Apparently crimping is the way to do it today. Apparently that's because nobody knows how to solder.Pity! In 40 years of soldering wires and plumbing I've never had a failure that could be credited to faulty solder or silver solder. Choice !! What I do recommend is self vulcanizing rubber tape. Electricians use it for high voltage stuff. Peel the backing paper off and its permanent to itself and the wires insulation.I like it better than heat shrink even if it's over a crimp.
 

·
Registered
S2 7.9 Bear Lake, UT
Joined
·
2,886 Posts
Discussion Starter · #7 ·
Thanks for all the suggestions guys.
I knew crimping was the way to go. I have even looked at picking up a ratcheting crimper in the past even though I did not have a boat with an electric system, now I have an excuse to buy the single most expensive hand tool I will own so I can do this right. I am a little rusty but have decent electrical skills and want to make sure things are done correctly.

It isn't unusual to have the pump and float screwed to a piece of wood, and then have the wood secured to the hull.
You mean the board should not be free floating in the bilge? Also I think the board is at least an inch thick, so maybe a thinner board secured would lead to a bilge with less water and less broken wires.
 

·
Registered
Joined
·
1,446 Posts
Don't leave your new crimper on the boat, rust will destroy it.
I mounted the float switch about two inches higher than the pump in an effort to reduce cycling due to back flow. The pump is mounted on a 1/4 starboard with 5200 securing it in place. The float switch is siliconed directly to the bilge surface. I did not want to puncture the fiberglass surface of the bilge.
John
 

·
Adrift
Joined
·
46 Posts
I doctored a plastic solo cup so the connectors don't lay in the water that collects in the bilge.

Basically it sits upside down and the wire connector is threaded through it at the top with a decent coating of dielectric grease. So far my crimped connectors look as good as the day I put them in.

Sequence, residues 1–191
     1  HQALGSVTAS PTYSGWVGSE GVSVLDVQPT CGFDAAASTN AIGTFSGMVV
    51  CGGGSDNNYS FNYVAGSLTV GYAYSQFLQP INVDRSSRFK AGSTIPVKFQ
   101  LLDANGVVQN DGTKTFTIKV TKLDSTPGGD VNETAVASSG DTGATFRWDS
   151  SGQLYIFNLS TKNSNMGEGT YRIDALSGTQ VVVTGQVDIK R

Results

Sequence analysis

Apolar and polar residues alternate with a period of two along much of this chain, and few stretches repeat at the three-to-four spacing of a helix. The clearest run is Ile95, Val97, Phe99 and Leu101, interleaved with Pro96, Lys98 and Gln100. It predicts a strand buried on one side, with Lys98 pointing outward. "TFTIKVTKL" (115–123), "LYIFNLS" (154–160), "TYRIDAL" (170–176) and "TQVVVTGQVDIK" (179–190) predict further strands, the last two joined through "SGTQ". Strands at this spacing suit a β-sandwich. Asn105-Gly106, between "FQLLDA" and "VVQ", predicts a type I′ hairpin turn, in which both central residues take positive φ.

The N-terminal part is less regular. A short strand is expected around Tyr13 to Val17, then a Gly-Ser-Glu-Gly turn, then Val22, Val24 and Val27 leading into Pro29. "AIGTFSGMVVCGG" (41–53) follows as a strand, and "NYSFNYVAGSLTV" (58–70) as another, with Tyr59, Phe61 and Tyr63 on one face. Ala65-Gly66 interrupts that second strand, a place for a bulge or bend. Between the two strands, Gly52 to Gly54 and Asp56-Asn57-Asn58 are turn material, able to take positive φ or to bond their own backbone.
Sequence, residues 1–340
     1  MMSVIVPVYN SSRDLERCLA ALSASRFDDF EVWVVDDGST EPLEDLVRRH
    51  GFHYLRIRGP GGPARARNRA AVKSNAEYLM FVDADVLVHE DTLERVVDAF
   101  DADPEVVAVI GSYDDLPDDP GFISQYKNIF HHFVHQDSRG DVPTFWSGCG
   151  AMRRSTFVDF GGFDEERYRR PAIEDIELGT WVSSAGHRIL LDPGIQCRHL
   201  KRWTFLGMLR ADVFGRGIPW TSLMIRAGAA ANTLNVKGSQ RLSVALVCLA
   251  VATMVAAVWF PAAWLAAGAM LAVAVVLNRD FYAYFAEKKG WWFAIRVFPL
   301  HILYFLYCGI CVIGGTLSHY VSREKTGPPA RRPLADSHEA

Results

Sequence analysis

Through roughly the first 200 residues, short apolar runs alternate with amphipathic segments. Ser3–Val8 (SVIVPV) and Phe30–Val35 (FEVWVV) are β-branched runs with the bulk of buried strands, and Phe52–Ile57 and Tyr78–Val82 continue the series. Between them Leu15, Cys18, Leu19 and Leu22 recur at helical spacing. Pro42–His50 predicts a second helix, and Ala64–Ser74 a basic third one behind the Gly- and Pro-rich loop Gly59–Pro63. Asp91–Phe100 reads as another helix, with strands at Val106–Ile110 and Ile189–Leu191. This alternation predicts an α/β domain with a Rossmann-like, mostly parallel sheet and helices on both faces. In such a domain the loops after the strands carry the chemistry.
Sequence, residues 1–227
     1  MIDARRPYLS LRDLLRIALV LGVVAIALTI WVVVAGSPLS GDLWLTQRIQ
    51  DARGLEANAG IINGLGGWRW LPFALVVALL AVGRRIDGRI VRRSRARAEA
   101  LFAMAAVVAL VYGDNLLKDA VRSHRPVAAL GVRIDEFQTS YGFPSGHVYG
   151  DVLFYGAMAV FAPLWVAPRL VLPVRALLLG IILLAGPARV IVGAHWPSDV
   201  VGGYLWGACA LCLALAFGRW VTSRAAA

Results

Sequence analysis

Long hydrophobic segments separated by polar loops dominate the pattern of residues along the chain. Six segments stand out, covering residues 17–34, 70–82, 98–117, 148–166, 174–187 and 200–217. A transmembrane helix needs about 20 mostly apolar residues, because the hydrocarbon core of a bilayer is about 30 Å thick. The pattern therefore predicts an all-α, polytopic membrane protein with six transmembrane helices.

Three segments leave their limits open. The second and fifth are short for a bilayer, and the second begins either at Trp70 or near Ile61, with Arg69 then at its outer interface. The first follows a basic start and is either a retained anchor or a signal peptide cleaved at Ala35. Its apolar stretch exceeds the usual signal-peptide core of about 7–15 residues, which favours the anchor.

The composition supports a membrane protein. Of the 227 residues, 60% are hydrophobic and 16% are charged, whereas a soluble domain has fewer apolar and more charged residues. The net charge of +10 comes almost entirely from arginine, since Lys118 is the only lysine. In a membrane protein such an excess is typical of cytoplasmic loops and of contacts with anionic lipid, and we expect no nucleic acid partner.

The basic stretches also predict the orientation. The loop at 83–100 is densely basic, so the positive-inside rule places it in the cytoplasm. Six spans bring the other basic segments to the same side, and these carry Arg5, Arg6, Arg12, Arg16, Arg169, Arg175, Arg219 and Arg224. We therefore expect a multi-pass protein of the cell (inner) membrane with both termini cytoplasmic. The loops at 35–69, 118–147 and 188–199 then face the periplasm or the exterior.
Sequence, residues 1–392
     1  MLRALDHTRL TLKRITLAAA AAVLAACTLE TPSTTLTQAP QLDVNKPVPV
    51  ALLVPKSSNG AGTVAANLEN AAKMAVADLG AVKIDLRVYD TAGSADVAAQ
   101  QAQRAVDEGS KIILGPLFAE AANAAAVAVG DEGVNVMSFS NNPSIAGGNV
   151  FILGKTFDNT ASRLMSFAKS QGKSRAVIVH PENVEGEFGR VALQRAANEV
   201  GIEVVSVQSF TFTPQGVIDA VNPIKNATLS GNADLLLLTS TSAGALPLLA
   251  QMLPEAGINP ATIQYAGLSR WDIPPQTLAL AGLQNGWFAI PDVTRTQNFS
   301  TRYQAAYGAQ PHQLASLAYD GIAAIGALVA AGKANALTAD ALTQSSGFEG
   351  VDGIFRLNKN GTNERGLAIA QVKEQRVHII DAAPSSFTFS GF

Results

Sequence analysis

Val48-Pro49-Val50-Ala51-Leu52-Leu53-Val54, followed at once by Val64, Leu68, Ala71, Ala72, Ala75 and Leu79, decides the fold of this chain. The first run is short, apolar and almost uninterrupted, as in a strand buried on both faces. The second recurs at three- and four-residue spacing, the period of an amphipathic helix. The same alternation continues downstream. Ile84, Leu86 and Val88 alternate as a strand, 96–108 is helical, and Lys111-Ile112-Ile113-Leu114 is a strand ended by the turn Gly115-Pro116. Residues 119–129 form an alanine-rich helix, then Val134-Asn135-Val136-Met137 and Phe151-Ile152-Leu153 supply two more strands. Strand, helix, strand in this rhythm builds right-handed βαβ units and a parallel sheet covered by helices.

·
Registered
S2 7.9 Bear Lake, UT
Joined
·
2,886 Posts
Discussion Starter · #10 ·
I was looking at the splice joints today. They are wire gauge specific. I would guess the wire coming from the battery is 12 or 14 gauge the wire to the float switch looked like 18 gauge or smaller.
How do I join two different sized wires?

The electric bilge pump is plumbed through manual pump, is that correct?
 

·
██▓▓▒▒░&
Joined
·
13,641 Posts
"You mean the board should not be free floating in the bilge?"
Correct. Usually, the "board" will be oriented vertically, on the side of the pump and float if possible. So that the bottom of the pump is exposed and sitting in the bilge, and the board is then mounted to the side of the bilge.
Exactly what you do will just depend on the exact shape, the slope, etc. of your bilge. You may find a plastic or metal "L" stock or something else works better for you. Metal is likely to have galvanic problems or rust, so wood or plastic is better for this.

"The electric bilge pump is plumbed through manual pump, is that correct? "
If you mean the discharge hose? That should be separate in an ideal world. It should go all the way up to deck level, as a siphon break or with one installed there, and then come back down to whatever drain level. Again, you have to adjust that to match the reality of "I can't make a hole there" or "I can't get a hose through there".

"How do I join two different sized wires? " There are actually crimp connectors that are made for a different size on each side, i.e. 10/12 on one side and 14/16 on the other. But what some folks have been known to do, is simply double or triple up the skinny wire until it is now as thick as the thicker wire. And use whatever crimp fits that one size. If you've made a good solid crimp, there should be no problem with this.